At a recent conference, a panel of pensions experts welcomed the newly-appointed Parliamentary Under Secretary for Pensions and Financial Inclusion Guy Opperman “for his forthcoming nine months as Pensions Minister”.
As mad as it sounds, nine months might not be far off the mark. If we look at the past two Pensions Ministers, there does seem to be a pattern emerging. Since Steve Webb’s five-year stint, we’ve had Ros Altmann, who served in the role for 13 months, followed by Richard Harrington who lasted 11 months in the job. If this pattern is to continue then Opperman may well only be in the role for the next nine months.
The pace at which we have new Pensions Ministers only serves as an unfortunate reminder of the days prior to Webb, when, for several years, there was a new Minister appointed every year. Not only that, it signals a move back to pensions being used as a political football.
Not only do we have a Pensions Minister who appears to have no pensions experience whatsoever, but we have also witnessed how quickly pensions policy has been changed to serve the government’s own political gains. Whether you agreed with the Conservative Party’s plans to scrap the triple lock, or not, it was kicked offside in order for a deal to be reached with the Democratic Unionist Party.
The Conservatives also side-stepped plans to means test winter fuel payments and were late on publishing a response to John Cridland’s review of the state pension age, breaking its legal deadline.
It was also revealed earlier this month that plans to ban pensions cold calling have been ditched. Prior to the General Election it seemed that the cold-calling ban was a definite, following a consultation by the government. However, speaking in the House of Lords recently, Parliamentary Under Secretary for Work and Pensions, Baroness Buscombe, said the government does not plan to ban pensions cold calling at this time.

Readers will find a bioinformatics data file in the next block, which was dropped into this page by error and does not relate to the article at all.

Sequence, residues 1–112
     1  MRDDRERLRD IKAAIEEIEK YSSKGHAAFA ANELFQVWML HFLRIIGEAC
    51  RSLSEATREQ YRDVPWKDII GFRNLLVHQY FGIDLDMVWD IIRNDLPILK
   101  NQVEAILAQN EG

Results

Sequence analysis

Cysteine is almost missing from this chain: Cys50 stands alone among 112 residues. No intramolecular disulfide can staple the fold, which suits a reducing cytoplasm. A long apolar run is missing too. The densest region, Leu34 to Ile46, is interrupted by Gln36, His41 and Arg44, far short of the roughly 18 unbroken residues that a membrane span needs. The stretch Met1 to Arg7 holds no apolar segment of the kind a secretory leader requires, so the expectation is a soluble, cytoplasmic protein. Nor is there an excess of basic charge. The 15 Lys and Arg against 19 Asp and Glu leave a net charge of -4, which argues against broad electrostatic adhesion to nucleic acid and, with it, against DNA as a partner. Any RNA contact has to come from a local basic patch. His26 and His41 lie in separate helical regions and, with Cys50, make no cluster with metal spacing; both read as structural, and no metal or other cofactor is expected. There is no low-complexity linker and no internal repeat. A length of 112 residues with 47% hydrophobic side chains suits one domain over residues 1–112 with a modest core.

Delivering his first speech as Work and Pensions Secretary, David Gauke told pensions delegates that he hopes the industry will “feel the benefit of consistency” as he is keen to build on the “continuity and consistency” that the industry is hoping for, noting that pension reform is a “long-term game”.
“We need a well thought out approach built on a solid evidence base. As we consider the repercussions of increased life expectancy on future generations, I welcome the contributions of John Cridland and the Government Actuary’s Department on the future state pension age…it represents exactly the sort of longer-term approach I want to cultivate in my department and across wider government,” he said.
Gauke is right. The industry has been hoping for stability ever since the pension freedoms were sprung on it back in 2014, but it also wants to see policy developed with long-term views in mind, not for short-term political gains. Ideally, many would like to see the creation of an independent pensions commission, but perhaps a Minister in position for (much) longer than nine months would be a good start.
Opperman certainly seems to have been thrown in at the deep end; he recently attended Gauke’s first speech to the pensions industry, and his own debut debate as Minister was on the subject of women’s state pensions. Let’s hope he’s in it for the long run.